Let's start with a riddle: When is a first day of school also a last?
It is when, after 13 years, your erstwhile kindergartners are high school seniors and you're getting ready to send them off for one last first.
I promised my editor that this special back-to-school edition of the column would not be a maudlin reminiscence that conveyed little more than the sentiment that "Boy, they sure do grow up quickly."
Here are some reflections and advice from a veteran of 12 first days of school on this bittersweet occasion. (Let's face it, there are a few things to celebrate about the passage from this stage of life. Namely, next month I will attend my last back-to-school night. I'm pretty sure no tears will be shed over that!)
First-day photos. I take them every year. Sometimes on the front porch, sometimes on the back. Sometimes Christopher is on the left, sometimes he's on the right. Looking back, the photos are, of course, adorable. But I wish we had picked one location and one pose and replicated it exactly each year. The result would have made for a fantastic flip book.
Uniforms. As someone who sent her kids to Catholic school, I have stood on the sidelines, listening to other parents grumble about fights over what's acceptable to wear and the cost of buying the latest trend. If your public school mounts a campaign to bring in uniforms, support it. Better yet, start one yourself. I never spent as much money on school clothes as my public-school counterparts did. The quality is better and, best of all, there are no arguments in the morning.
School buses. I have often worried that my kids missed out on a quintessential school experience: riding the school bus. I have always driven my kids to school, and although they don't get the interaction with their peers, it has proved to be invaluable parent-child time. It was in the car on the way to school when second-grader Andrew announced, "Mom, do you realize that at one time, black kids and white kids couldn't go to the same school? That would mean we wouldn't have Diane-Marie or Marc Draven in our class. How stupid is that?" In the car I could be a fly on the wall, listening to my sons' interactions with each other and with their friends. We all spend a lot of time cursing the amount of time we spend shuttling our kids to and fro. But there's an upside to it.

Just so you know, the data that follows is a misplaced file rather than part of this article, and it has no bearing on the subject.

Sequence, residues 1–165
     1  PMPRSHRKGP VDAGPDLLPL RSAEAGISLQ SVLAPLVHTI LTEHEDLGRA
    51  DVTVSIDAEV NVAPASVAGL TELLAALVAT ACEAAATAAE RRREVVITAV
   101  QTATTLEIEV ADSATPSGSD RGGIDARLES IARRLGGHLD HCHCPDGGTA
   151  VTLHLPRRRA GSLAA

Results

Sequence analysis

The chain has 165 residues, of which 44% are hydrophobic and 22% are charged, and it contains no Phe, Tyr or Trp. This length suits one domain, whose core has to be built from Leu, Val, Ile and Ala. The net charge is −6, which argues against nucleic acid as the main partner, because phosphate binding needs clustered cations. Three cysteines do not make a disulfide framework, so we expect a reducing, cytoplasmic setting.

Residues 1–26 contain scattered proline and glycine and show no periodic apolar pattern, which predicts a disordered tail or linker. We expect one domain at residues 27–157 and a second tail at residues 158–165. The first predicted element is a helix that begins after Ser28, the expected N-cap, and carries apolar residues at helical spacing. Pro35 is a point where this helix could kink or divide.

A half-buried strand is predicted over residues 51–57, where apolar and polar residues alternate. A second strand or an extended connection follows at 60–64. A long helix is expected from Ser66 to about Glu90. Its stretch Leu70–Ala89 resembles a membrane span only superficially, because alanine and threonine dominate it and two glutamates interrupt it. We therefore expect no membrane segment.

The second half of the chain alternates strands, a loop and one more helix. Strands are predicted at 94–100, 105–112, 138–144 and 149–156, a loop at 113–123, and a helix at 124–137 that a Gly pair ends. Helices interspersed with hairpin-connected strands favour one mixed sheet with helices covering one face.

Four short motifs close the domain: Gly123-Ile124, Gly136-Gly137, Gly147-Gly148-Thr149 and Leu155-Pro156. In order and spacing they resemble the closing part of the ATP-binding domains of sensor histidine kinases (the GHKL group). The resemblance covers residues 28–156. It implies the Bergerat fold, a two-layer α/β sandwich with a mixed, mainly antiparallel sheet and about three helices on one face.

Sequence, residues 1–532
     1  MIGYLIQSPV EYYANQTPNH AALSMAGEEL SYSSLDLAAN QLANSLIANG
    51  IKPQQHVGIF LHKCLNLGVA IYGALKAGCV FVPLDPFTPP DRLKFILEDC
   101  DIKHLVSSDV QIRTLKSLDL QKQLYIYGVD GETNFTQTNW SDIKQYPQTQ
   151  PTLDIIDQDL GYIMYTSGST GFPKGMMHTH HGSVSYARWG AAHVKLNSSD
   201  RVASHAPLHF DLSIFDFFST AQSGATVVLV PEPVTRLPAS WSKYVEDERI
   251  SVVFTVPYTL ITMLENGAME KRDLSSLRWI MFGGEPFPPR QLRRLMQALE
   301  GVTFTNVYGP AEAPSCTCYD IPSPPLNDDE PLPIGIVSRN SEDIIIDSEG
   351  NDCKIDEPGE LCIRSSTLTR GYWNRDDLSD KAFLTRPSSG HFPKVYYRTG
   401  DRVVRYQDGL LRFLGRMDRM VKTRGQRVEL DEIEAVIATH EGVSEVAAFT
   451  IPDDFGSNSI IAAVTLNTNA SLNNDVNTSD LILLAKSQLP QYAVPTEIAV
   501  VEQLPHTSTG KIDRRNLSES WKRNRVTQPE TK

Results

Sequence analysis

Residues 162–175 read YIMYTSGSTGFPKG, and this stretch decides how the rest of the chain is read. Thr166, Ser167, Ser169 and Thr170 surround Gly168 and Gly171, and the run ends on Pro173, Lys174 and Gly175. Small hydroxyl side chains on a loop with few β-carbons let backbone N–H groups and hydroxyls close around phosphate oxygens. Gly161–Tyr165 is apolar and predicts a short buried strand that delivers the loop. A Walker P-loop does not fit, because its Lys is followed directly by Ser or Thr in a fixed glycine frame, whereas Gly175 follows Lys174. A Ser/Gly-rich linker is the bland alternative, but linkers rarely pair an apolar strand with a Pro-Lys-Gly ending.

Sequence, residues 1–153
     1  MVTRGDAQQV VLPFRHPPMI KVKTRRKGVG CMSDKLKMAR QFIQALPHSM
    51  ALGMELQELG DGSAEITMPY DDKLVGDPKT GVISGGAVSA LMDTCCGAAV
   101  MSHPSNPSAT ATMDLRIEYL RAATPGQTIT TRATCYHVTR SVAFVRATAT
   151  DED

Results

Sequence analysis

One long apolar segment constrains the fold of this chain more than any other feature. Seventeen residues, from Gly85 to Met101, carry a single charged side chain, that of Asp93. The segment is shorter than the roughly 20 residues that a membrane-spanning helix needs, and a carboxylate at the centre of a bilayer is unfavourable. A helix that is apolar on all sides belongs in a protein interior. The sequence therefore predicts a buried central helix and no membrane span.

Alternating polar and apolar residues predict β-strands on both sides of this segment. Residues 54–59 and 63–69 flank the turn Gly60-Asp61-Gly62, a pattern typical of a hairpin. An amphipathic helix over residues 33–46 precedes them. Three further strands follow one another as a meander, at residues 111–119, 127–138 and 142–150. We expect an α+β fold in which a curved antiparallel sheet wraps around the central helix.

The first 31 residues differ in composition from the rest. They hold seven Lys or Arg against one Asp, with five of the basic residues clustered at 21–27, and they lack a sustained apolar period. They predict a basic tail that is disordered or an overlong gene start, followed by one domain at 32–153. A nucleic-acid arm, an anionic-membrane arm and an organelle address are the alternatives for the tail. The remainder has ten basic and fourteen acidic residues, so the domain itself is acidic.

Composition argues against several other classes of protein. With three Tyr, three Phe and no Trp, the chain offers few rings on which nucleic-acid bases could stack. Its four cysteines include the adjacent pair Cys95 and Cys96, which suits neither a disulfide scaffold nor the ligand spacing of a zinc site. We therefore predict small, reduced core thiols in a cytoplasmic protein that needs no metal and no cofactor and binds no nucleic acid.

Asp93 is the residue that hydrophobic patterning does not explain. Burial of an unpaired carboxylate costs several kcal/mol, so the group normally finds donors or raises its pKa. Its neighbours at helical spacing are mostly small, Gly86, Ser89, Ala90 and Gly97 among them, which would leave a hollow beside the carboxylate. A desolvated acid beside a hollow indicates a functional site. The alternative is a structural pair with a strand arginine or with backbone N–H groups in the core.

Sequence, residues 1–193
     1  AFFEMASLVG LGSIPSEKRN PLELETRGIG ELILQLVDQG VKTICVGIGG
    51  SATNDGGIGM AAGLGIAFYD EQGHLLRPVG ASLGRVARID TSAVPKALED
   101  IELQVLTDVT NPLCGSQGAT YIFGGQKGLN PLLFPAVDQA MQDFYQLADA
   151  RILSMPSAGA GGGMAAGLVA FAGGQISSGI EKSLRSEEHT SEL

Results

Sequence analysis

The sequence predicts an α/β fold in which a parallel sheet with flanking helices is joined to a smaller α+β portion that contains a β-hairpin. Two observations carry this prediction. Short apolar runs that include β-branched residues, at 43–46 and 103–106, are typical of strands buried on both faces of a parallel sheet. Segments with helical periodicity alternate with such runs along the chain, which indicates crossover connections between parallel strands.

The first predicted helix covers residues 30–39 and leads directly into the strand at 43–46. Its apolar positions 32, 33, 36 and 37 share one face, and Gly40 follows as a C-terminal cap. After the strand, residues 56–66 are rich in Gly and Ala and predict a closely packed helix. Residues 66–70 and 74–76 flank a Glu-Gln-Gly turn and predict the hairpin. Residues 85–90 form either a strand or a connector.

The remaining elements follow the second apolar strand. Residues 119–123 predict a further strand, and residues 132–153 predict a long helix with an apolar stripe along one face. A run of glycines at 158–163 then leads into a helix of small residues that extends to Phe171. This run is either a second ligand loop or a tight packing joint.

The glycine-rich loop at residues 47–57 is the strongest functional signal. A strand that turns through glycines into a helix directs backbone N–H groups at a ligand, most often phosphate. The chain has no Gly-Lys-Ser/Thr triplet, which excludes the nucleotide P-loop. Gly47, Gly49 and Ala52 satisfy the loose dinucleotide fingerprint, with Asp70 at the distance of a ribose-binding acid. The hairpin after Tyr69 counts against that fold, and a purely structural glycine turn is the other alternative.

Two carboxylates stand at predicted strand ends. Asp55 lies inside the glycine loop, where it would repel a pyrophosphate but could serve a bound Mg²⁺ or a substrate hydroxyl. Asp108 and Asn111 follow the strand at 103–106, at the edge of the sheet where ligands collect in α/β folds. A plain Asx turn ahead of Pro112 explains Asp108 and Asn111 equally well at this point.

Music. My boys played trombone in the school band for three years, from fourth through sixth grades. Perhaps the trombone was a poor choice. (I'll let my neighbors weigh in on that.) When they pushed to quit the band, I relented and music education largely ceased. I don't regret letting them give up on band, but I wish I had pushed for a musical substitute: piano or guitar, perhaps. I'm pretty certain they'll regret not playing an instrument when they get older. And I hope they push a little harder on this with their own kids than I did with them.
Reading. Of course, you have to do it when your kids are just learning to read. You'll agonize with them about sounding out words and using context clues. But too often, we help our kids master the tools they need to read and then, just when it gets good, just when they are about to discover the magic of reading, we drop it as a shared experience. Read "Harry Potter" or "Narnia" together. Reading can be a family touchstone. Last year, inspired by a debate about narcissism that stemmed from my sons' study of "The Great Gatsby," I went back and reread it. The shared experience unfolded over several dinner table conversations. I confess, when I saw that this year's reading list includes Cormac McCarthy's "The Road" and Bernard Malamud's "The Natural," I thought that "reading with the kids" has definitely gotten better over the years.
Math. The only thing worse than helping with math homework is realizing that you can no longer help with math homework.
Boy, they sure do grow up quickly. There, I've said it, but, boy, is it true.